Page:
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Main types of written exercises

Main types of written exercises

A written or in-basket exercise will basically involve you working your way through a lot of unfamiliar information, tackling difficult questions and writing pages of answers – all within a very tight deadline

In-basket exercise

An in-basket or e-tray type exercise will contain a number of items to represent an email inbox or paper in-tray. Each item will have a different task to respond to. It depends on the role you have applied for as to what type of tasks you would expect to turn up in your in-box or on your desk. For instance, if you have a customer service role you may expect to deal with complaints, follow up enquiries, complete paperwork and keep records. In your in-basket assessment exercise you would have to do similar things. This gives employers a chance to see how you would handle these things in as close to a real situation as possible (without actually putting you in the job!)
 

Case study or analysis exercise

A case study or analysis exercise may present a single complex situation or problem for you to evaluate and propose recommendations. If you are applying for a job which involves managing projects for instance you may expect to have to deal with liaising with partners, analysing data, trouble shooting problems, managing teams and monitoring progress. In your ‘fake’ assessment exercise you can also expect to be presented with a task which involves you tackling similar things.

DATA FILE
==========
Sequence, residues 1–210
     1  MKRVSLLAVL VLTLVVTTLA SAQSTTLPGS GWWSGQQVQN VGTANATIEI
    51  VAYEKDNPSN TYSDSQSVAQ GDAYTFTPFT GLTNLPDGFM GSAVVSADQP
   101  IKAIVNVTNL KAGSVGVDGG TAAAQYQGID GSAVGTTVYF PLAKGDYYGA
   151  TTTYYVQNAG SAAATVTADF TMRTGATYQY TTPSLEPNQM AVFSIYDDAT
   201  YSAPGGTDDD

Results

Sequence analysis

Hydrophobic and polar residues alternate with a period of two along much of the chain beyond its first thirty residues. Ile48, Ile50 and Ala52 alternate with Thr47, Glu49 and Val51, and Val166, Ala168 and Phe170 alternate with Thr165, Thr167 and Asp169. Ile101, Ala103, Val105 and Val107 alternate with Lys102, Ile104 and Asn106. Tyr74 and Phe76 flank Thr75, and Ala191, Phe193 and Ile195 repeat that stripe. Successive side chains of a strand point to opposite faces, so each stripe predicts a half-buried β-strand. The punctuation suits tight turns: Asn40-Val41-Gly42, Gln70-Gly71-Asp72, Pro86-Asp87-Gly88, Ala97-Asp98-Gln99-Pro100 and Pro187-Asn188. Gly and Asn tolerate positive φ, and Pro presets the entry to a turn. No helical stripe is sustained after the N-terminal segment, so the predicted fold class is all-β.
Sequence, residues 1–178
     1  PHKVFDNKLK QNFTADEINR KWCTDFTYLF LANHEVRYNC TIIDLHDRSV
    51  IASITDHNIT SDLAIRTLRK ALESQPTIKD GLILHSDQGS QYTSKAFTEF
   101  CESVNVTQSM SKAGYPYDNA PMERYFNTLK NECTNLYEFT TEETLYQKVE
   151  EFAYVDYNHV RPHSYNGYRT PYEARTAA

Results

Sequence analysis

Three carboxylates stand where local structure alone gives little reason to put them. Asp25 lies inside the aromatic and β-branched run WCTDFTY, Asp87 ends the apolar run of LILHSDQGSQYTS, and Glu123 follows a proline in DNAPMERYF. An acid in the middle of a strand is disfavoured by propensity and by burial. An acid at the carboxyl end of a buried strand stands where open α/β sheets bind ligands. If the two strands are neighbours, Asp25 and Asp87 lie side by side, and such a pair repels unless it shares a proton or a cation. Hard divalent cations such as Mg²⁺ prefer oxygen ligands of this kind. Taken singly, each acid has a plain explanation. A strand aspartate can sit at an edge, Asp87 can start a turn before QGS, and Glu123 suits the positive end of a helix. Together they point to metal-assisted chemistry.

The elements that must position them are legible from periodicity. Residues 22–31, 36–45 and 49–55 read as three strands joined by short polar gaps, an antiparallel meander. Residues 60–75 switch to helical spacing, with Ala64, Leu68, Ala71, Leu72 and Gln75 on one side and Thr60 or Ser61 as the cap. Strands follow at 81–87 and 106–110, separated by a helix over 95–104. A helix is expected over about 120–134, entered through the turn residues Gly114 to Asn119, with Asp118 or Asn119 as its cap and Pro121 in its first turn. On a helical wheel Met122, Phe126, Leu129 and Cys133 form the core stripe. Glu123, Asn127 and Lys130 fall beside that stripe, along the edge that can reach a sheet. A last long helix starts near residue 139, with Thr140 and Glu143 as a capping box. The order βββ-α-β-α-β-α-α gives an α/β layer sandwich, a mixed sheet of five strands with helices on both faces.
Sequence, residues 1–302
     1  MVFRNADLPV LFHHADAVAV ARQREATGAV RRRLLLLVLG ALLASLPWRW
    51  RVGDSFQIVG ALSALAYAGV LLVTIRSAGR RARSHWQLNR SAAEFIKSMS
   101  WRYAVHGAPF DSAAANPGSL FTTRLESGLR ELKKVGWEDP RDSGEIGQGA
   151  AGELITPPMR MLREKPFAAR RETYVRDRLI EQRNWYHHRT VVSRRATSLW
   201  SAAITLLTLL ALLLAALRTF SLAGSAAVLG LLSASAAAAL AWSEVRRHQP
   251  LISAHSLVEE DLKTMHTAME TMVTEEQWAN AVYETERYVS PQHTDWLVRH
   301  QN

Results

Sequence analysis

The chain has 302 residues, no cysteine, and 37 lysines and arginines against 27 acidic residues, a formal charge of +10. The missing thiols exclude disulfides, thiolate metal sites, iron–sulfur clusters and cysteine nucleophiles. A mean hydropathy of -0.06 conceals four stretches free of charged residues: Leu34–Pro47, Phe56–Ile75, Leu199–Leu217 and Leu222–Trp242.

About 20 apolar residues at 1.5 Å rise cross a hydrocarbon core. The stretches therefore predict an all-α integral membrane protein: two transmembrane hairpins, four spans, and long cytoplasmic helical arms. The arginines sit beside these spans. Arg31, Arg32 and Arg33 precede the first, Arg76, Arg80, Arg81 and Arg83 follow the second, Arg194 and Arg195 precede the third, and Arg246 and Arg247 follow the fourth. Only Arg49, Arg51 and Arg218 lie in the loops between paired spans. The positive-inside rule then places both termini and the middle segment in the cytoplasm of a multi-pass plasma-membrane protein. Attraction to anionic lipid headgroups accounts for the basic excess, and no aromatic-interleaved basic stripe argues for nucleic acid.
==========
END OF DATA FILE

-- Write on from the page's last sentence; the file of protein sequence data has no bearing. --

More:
Simulations

In each of these cases the written exercise represents a realistic ‘job simulation’ i.e. the employer is hoping to see how you will perform in a ‘dummy’ situation to be able to draw conclusions about how you would get on in the actual job.
 

Exercise setting

Your assessment exercise may not be set within a familiar environment. This is to make the task fair for everyone. Imagine that if you are external to the company and the exercises are set within that company itself; that would be quite an advantage for any internal candidates applying for the role. Many organisations will choose a generic external company to base the exercises in so that everyone is approaching the task from a level playing field. The content will often be parallel to the actual organisation you are applying to i.e. if you are seeking a post in a hospital you may be set exercises based in a local government department because there will be parallels in terms of structure, size, values, standards etc. The service provision may be a little different but actually, when it comes to evaluating performance figures and areas of deficit/ opportunity, it won’t make much difference whether it’s in a hospital or a government agency as the facts will be there in front of you to interpret in your own way.

 

What do you have to do to pass a written exercise?

What do you have to do to pass a written exercise?

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